Currently enrolled Duke undergraduate and graduate students are invited to apply for summer research funding from the Duke Human Rights Center@FHI. The goals of the grant are to strengthen global research opportunities for students interested in developing, implementing, and working in human rights. Special consideration is given to students whose research projects contribute to a senior thesis or project, or to students enrolled in the Human Rights Certificate. Students are encouraged to seek supplementary funding to complete their planned research needs from other Duke sources.


Grants are available for up to $2,000.


Eligibility and Criteria
  • Students from all backgrounds and academic disciplines are encouraged to apply. Graduating seniors or graduate students in their final year at Duke are not eligible. Students who have previously received this grant are also ineligible.
  • Students must be directed by a member of the Duke University faculty and conducted over a period no less than 2 weeks during the summer. Students are expected to be in frequent contact with their advisors and the DHRC@FHI throughout the duration of the project.
  • Projects involving interactions with human subjects online will need approval from the Duke Institutional Review Board. Read more here.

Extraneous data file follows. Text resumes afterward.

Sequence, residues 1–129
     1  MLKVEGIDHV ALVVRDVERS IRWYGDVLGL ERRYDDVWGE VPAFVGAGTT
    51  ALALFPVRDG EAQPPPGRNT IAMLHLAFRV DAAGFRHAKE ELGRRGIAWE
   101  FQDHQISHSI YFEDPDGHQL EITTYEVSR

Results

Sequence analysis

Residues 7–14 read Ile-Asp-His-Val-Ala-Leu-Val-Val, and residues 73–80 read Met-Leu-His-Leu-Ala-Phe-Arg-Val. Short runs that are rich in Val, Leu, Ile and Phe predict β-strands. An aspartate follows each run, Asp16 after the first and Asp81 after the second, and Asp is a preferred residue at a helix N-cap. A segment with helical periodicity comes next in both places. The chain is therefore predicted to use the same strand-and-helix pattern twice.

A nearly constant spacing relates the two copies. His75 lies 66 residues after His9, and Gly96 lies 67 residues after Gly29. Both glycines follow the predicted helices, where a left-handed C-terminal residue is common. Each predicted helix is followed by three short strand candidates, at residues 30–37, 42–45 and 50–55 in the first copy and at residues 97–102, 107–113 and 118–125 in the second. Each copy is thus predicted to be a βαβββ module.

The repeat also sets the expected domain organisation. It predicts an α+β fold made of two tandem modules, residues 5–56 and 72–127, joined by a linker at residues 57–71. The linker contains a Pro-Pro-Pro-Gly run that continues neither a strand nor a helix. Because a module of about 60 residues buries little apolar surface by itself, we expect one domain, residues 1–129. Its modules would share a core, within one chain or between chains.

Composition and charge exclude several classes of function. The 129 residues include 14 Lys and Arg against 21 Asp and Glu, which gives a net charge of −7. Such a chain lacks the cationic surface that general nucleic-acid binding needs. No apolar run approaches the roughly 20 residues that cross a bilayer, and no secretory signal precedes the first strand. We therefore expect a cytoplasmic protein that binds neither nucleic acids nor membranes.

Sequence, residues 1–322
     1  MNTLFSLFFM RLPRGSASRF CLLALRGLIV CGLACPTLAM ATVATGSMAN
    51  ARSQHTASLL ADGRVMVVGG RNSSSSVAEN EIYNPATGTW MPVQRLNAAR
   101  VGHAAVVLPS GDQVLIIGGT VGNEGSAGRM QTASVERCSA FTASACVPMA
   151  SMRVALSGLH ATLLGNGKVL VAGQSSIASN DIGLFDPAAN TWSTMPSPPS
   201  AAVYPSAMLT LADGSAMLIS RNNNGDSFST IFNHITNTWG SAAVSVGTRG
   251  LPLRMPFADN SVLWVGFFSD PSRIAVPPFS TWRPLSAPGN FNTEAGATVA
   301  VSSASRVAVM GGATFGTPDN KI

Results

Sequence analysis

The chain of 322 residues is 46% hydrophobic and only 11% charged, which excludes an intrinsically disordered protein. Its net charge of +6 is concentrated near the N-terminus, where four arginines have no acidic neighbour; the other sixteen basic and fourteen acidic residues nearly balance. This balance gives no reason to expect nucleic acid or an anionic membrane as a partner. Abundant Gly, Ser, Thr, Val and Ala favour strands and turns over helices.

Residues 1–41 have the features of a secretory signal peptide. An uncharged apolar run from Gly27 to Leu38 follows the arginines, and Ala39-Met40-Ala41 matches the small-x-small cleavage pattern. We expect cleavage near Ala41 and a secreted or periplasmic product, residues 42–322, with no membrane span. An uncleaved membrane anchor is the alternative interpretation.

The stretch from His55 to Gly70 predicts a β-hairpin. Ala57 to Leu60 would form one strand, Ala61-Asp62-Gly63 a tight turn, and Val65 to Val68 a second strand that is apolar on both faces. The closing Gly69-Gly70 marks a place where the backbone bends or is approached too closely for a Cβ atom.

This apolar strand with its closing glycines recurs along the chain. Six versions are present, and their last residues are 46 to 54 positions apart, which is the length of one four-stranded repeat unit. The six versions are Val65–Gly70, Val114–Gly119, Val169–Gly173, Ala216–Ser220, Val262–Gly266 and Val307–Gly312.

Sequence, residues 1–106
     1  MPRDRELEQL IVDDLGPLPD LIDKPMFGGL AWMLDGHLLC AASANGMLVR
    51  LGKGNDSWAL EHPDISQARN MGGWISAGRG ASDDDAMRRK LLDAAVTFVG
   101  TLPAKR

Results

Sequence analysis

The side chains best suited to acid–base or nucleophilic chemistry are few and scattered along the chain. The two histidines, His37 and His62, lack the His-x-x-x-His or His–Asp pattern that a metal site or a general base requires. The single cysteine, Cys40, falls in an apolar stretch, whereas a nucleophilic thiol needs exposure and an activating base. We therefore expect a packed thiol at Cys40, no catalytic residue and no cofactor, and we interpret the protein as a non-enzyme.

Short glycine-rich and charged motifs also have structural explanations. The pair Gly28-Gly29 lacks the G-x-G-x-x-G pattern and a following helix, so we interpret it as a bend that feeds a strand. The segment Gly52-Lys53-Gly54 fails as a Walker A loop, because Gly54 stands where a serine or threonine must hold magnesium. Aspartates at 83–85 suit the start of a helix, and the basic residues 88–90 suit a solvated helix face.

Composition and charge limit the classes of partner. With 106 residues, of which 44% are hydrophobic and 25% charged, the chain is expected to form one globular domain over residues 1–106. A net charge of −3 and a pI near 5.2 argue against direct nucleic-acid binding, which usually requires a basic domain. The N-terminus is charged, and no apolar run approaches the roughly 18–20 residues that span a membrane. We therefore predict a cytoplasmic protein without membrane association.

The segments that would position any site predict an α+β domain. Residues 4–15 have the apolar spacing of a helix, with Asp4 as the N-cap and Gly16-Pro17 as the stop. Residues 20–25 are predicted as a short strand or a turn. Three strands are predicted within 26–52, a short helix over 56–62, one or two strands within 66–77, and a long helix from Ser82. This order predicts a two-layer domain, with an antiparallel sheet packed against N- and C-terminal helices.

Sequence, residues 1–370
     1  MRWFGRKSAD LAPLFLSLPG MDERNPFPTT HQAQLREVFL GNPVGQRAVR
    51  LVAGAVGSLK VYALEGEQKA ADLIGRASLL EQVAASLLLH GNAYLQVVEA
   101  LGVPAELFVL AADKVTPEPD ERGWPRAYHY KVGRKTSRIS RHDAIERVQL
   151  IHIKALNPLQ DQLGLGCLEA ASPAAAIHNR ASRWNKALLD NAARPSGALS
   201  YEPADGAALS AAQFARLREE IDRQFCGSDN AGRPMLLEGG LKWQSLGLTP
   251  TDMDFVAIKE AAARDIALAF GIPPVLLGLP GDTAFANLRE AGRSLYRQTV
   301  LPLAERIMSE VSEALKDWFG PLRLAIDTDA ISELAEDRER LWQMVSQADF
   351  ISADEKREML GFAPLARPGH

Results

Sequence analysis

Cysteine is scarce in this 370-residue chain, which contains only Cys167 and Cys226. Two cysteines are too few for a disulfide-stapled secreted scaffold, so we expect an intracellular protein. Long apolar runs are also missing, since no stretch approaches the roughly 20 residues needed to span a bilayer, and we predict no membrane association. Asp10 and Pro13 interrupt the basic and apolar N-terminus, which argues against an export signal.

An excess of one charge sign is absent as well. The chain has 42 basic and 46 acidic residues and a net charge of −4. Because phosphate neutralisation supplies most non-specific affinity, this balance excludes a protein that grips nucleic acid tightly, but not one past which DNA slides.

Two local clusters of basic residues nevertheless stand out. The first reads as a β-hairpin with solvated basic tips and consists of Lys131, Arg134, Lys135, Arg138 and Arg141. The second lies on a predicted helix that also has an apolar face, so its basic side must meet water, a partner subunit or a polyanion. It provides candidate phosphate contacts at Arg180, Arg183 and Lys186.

The deadline for 2024 applications is March 29, 2024. Please complete the form here to submit an application.

Questions? Contact Corin Zaragoza at

2023 Undergraduate Student Awardees


Taylor Glatt: Barriers to Healthcare for Refugees from a Provider Prospective in Durham, NC

This research project will analyze providers’ perspectives on what they view as barriers to accessing healthcare for the Durham refugee population. The project will survey a variety of individuals involved in the healthcare delivery process such as physicians, nurses, financial counselors, respiratory therapists, receptionists or intake employees and compare to existing literature on barriers that refugees experience in order to assess the gaps or overlaps of barriers to healthcare from the perspective of healthcare professionals and refugees in order to find ways to reduce these barriers and highlight the variance between these two perspectives.


Andrew McCallum: Museums, Memory, and Migration in Paraguay

Through a summer-long internship with the Hrisuk collection in Encarnacion, Paraguay, I hope to examine the role of the museum in memory formation for the region. The Hrisuk collection has extensive documentation recording the dynamic history of Paraguay’s Itapúa department. Itapua, the former site of the numerous Jesuit missions, has received a substantial flow of immigrants since the beginning of the colonial period. The collection will reflect this broad trend – a complicated record of the various groups who looked to make their living in the relative isolation of Paraguay. I will conduct my research through a direct study of the museum’s exhibits, working to catalogue and display the content to the public. I also aim to interview various people with experiences adjacent to the museum and its material. I want to understand what role the collection occupies in the mind of the surrounding community. To what extent are the narratives presented by the museum upheld and disputed by their audience? How can a topic as multilayered as immigration be properly represented? The precise lens of the Hrisuk collection will aid me in thinking through these questions.